Monthly Archives: December 2014

Well Done Roast

I remember a hostess turning to me and some other female guests, who hovered over the oven as she checked the beef tenderloin, and plaintively asking: “How do I know if it’s done?” At the time, no one (including me) seemed to know the simple answer: When a regular or instant-read meat thermometer inserted into the thickest part of the meat indicates that it has reached the right temperature. Duh! Of course, the correct temperature will depend on how you like your meat cooked.

You can estimate how long the roasting should take but checking the internal temperature is the only way to know for sure–aside from actually cutting into the meat, a technique pooh-poohed by the “food police.” They claim that doing so wastes the precious juices. Begin testing long before the anticipated finishing time.

Remember, the meat needs to rest for at least 20 minutes so the juices can redistribute throughout and won’t leach out when you slice. As it rests, the roast will continue to cook, causing the internal temperature to rise about 10 degrees.

If you just don’t trust your thermometer, my recommendation is: Cut in and take a peek. After all, how much juice could you possibly lose?

Dear Readers: My best wishes to all of you for a hysteria-free holiday and a stress-free New Year! This will be my final post for 2014. Look for me again on January 6.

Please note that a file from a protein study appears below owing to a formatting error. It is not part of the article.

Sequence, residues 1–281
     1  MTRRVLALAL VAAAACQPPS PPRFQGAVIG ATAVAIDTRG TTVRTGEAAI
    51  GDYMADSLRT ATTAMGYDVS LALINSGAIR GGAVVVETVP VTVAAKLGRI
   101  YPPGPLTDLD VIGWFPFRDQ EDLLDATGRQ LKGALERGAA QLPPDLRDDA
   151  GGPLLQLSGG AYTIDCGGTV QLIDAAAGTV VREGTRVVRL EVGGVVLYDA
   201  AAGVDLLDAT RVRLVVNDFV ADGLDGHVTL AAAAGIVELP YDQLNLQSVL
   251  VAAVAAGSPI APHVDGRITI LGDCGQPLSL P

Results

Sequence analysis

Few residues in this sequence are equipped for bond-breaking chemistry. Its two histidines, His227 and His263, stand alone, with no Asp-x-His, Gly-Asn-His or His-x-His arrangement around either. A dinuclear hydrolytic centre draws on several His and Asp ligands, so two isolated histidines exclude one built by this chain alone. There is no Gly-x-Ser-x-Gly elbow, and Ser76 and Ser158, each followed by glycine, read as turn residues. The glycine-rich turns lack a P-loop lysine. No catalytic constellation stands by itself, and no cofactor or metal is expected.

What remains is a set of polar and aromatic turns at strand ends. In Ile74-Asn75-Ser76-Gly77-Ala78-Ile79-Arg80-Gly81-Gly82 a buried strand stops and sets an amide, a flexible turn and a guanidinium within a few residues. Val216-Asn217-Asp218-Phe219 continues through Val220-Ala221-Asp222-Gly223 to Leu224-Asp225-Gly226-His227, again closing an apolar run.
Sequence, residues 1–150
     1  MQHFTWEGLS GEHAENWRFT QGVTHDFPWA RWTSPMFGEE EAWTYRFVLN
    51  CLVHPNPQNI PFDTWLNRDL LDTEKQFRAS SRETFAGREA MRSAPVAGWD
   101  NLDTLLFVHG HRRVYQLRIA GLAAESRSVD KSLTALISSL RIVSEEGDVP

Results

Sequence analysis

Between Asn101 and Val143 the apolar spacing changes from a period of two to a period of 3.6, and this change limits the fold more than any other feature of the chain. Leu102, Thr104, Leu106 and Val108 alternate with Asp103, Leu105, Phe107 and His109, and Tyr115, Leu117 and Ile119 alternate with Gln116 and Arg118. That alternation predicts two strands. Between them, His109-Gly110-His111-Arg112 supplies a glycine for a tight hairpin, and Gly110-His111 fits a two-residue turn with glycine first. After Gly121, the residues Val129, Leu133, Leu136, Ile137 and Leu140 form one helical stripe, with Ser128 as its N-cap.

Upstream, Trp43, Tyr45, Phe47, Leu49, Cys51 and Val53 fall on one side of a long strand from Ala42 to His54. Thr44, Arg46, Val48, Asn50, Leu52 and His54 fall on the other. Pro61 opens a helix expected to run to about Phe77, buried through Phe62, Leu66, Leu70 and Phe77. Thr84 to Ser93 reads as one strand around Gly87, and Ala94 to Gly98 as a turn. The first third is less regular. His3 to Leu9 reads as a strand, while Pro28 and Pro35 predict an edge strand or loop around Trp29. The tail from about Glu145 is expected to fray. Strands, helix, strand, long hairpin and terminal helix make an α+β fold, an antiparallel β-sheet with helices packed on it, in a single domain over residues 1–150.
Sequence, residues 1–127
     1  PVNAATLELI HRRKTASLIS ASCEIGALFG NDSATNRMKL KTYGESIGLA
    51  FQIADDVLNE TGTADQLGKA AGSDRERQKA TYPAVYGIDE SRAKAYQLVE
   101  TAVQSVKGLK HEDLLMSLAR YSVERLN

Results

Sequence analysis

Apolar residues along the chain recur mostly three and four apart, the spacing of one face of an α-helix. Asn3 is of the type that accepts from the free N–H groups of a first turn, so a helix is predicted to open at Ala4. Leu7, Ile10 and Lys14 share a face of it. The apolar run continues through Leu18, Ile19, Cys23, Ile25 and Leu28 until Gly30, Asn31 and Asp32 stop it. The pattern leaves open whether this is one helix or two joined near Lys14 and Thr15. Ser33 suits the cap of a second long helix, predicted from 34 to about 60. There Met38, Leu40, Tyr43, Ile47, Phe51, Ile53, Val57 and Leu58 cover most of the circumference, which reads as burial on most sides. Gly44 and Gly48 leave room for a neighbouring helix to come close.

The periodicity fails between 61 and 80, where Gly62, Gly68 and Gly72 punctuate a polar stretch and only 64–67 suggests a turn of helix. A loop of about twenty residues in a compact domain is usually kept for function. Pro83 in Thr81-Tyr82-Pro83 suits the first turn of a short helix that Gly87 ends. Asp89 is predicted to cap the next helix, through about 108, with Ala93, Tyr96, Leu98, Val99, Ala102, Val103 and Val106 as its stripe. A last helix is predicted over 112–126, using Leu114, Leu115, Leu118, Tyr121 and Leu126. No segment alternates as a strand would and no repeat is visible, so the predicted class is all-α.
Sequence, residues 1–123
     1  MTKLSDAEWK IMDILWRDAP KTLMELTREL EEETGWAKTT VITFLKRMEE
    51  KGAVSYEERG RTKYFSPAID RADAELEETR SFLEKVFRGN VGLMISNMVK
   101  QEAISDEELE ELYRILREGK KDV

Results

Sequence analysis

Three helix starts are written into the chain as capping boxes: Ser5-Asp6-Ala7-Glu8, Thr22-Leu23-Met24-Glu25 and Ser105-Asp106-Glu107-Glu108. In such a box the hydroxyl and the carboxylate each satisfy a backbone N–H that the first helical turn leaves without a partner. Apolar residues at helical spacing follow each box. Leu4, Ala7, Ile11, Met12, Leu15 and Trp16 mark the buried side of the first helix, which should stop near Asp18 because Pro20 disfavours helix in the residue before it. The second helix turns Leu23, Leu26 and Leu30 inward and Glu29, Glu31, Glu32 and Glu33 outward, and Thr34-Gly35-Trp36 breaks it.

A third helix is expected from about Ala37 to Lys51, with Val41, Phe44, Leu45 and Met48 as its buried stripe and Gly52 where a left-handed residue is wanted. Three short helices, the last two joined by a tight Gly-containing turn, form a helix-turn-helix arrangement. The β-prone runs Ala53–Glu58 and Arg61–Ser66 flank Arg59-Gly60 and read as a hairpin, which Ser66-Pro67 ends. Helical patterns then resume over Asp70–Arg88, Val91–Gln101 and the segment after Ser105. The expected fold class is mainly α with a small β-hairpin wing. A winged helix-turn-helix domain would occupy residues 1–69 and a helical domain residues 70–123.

Her Way

A friend of mine is an avid home entertainer but (as she’d be the first to admit) not a cook. She knows exactly where to purchase the best foods and has a genius for table design, so it’s a pleasure to be a guest in her house.

On a recent Sunday, for example, she treated friends to a cozy fireside supper in her charming little cottage. The centerpiece was “the best” chicken pot pie from a local bakery, accompanied by a freshly made green salad.

Instead of trying to produce an elaborate meal, making herself and everyone else nervous, she did it her way. And nothing could nicer!

Truffle Tragedy

A dish you’re making for the first time doesn’t come out as you expected and people are on their way. What should you do? First, don’t panic. Second, be creative. I say this from experience.

I was due at a potluck in a few hours and had promised to bring chocolate truffles, made from a recipe I’d never tried. Though I’d checked and rechecked my calculations to double the batch, it soon became apparent that something was wrong. After resting in the refrigerator for an hour according to the recipe, the combination of melted chocolate, cream, butter and whiskey was far too loose to form into balls that could be rolled in unsweetened cocoa.

Briefly, I considered buying tiny cups and spoons and turning the truffles into pudding. Instead, I decided to try freezing the mixture, and soon enough it stiffened sufficiently to be molded.

Of course, making a new dish for company is never a good idea. But if you do and the results are disappointing or even disastrous, remember that people do understand. And eventually your kitchen mishap probably will make a great story.